Merkel, Muslims and immigration: right and left square off on the streets of Berlin in rival protests
The AfD march marks the first public show of strength by the nationalist outfit since it became the largest opposition party
Thousands of demonstrators for and against the far-right faced off in mass rival rallies in Berlin on Sunday, where calls of “We are the people” were met with chants of “Go away, Nazis” and techno music.
Police officers were deployed to keep groups apart and prevent clashes, as far-left militants vowed to “sabotage” the march by the anti-immigrant, anti-Islam Alternative for Germany (AfD) party.
On Twitter, Berlin police said they had to use pepper spray to stop “demonstrators from trying to break down barriers” separating the rallies at Berlin’s Leipziger square. They also announced bridge closures to avoid AfD demonstrators running into opponents.
The counter-demos, organised under the banner “Stop the hatred, Stop the AfD”, were triggered by a call from the far-right party for its supporters to march in the capital “for the future of Germany”.
According to police, “several thousand” AfD supporters answered the call, assembling at Berlin’s main train station shortly after midday before making their way to the iconic Brandenburg Gate.
Many of them were waving Germany’s black, red and gold flag and carrying blue balloons, the colour of the AfD.
Their chants of “Merkel must go” and “We are the people” were occasionally drowned out by whistles, jeers and outstretched middle fingers from counter-demonstrators in side streets cordoned off by rows of police.
The AfD march marks the first public show of strength by the nationalist outfit since it became the largest opposition party.
Scheduled to address the crowd are top AfD figures Joerg Meuthen and Alexander Gauland, who regularly rail against Chancellor Angela Merkel’s decision to allow in large numbers of mainly Muslim refugees at the height of Europe’s migrant crisis.
“Merkel caused such chaos,” 41-year-old AfD member and teacher Christine Moessl said. “Now we know that many Islamists were among the refugees and they have no respect for women. We need to be safe.”
After initially predicting 10,000 AfD supporters would show up, organisers later said they would be happy with a turnout of 5,000.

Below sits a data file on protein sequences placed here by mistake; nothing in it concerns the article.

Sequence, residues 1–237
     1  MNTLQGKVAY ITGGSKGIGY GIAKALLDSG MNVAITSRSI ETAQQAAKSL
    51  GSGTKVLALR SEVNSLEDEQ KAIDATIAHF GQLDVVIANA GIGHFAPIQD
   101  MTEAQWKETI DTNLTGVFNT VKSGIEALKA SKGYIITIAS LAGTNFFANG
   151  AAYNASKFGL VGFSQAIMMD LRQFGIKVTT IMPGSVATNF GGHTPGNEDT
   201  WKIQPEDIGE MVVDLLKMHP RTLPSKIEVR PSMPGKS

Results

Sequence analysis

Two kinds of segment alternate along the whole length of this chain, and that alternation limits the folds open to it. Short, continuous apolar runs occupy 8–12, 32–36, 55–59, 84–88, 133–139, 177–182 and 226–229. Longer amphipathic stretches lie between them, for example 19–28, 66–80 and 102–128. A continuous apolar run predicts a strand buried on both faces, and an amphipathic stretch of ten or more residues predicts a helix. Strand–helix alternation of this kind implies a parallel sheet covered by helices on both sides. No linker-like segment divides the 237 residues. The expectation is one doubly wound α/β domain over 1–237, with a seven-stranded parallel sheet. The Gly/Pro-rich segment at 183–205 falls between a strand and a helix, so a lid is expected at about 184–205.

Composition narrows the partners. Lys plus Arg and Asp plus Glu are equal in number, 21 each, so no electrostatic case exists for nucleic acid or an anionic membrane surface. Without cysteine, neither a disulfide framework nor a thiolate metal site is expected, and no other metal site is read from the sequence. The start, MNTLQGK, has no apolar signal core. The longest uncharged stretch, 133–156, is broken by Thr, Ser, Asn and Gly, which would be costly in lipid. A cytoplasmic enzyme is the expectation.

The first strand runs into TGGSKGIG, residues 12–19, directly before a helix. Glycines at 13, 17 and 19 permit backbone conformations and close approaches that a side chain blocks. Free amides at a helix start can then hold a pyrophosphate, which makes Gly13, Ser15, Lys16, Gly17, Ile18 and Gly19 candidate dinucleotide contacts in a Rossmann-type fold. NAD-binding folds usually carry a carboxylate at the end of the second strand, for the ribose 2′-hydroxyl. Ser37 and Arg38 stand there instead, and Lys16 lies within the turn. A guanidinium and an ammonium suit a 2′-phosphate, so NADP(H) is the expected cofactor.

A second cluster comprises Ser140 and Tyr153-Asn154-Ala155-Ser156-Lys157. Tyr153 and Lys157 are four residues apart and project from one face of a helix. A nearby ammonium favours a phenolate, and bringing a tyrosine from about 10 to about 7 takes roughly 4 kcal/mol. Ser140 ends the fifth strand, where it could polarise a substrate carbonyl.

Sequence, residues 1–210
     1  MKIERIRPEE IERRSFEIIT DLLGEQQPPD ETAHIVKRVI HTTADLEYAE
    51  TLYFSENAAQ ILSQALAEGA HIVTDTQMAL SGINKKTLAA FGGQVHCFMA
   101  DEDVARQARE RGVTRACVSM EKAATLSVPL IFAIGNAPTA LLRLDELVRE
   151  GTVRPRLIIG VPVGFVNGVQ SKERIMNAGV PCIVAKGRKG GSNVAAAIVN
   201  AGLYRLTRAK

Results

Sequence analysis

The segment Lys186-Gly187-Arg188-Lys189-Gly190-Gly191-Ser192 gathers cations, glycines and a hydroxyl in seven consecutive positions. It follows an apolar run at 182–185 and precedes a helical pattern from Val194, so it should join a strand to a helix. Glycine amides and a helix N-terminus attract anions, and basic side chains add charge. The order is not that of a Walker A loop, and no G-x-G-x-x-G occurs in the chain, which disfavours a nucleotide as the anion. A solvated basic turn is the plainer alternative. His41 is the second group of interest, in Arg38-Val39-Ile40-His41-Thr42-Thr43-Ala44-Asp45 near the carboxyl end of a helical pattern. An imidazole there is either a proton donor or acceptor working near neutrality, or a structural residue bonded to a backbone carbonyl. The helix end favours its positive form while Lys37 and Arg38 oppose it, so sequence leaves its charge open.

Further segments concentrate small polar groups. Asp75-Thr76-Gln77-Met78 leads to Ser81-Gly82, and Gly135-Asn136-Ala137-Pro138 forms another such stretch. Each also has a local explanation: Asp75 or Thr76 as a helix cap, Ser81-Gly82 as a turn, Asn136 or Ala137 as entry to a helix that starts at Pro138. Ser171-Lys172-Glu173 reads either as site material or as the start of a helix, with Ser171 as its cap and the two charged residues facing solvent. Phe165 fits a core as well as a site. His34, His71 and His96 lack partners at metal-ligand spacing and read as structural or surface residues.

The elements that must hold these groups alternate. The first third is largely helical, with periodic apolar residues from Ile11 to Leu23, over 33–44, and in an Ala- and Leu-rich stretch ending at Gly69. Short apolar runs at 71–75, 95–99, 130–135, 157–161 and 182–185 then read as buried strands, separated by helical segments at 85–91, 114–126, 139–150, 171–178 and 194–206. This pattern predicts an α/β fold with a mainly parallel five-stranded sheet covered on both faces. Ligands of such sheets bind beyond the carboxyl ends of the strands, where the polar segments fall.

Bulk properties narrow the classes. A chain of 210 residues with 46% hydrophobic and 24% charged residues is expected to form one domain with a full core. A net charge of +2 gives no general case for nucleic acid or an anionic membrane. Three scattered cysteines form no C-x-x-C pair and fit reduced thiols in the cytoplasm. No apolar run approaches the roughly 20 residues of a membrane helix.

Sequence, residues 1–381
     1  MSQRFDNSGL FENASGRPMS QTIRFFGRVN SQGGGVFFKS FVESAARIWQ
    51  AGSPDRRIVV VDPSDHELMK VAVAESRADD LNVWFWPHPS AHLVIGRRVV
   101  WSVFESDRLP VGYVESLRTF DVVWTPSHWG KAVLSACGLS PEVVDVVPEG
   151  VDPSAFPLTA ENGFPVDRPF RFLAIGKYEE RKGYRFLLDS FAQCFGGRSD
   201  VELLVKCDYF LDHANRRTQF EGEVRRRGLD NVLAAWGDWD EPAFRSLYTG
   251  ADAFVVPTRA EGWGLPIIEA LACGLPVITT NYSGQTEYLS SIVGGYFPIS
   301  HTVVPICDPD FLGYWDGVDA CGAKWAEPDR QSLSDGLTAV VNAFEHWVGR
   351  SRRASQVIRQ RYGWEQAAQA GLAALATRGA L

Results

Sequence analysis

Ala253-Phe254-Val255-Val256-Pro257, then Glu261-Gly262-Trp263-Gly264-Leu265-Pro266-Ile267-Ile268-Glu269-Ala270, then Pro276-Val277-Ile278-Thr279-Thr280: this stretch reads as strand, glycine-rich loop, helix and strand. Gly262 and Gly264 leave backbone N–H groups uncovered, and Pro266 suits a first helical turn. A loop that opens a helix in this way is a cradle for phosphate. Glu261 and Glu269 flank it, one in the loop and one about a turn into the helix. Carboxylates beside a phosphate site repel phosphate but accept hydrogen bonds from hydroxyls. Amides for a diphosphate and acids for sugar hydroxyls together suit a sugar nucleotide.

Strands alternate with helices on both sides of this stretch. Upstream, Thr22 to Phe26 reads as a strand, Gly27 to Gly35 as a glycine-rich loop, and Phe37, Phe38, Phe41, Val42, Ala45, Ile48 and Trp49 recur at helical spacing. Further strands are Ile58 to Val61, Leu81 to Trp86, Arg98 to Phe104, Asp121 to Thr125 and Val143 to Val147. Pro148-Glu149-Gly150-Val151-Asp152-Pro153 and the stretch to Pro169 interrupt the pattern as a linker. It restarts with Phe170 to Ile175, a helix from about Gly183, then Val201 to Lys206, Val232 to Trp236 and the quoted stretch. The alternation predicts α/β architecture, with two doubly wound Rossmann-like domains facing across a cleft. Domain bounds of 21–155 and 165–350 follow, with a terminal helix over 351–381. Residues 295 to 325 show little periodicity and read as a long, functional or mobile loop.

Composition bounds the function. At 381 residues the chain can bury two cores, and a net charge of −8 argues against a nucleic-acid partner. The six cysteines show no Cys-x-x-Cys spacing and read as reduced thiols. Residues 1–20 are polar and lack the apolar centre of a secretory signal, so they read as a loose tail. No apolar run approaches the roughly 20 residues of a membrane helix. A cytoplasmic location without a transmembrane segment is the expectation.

Berlin AfD chief Georg Pazderski said ahead of the march that many still feared being “stigmatised” for showing their AfD colours, even after the party took nearly 13 per cent of the vote and won its first seats in the national parliament in last year’s elections.
Thousands joined the main counter-demo, staged by an alliance of political parties, unions, student bodies, migrant advocates and civil society organisations.
Walking under a hot Berlin sun, supporters waved rainbow flags and carried banners with messages like “No to racism” and “Go away, Nazis”, while chanting “the whole of Berlin is against the AfD”.
One of the loudest counter-demos was organised by some 100 clubs from Berlin’s legendary techno scene, who were using boats and floats on the river Spree and a convoy of DJ-carrying trucks to “bass
away” the AfD.
“The Berlin club culture is everything that Nazis are not,” they said in a statement. “We are
progressive, queer, feminist, anti-racist, inclusive, colourful and we have unicorns.”
Although the vast majority of counter-demonstrators are expected to be peaceful, members of the far-left extremist Antifa movement have on their website called for “chaos”, urging sympathisers “to sabotage the AfD rally using all necessary means”.
Berlin police have deployed 2,000 officers, drafted in from across Germany, to keep the peace.
Founded in 2013 as an anti-euro party, the AfD rose to prominence by capitalising on widespread anger over the arrival of over a million asylum seekers in Germany since 2015.
It now holds more than 90 seats in the Bundestag where its presence has changed the tone of debate.
Just this month, AfD co-leader Alice Weidel earned herself a formal rebuke from the parliamentary speaker for describing immigrants as “headscarf girls, welfare-claiming, knife-wielding men and other good-for-nothings”.
Merkel’s left-right coalition government has responded to the AfD’s rise by tightening asylum policies, but the party continues to climb in opinion polls.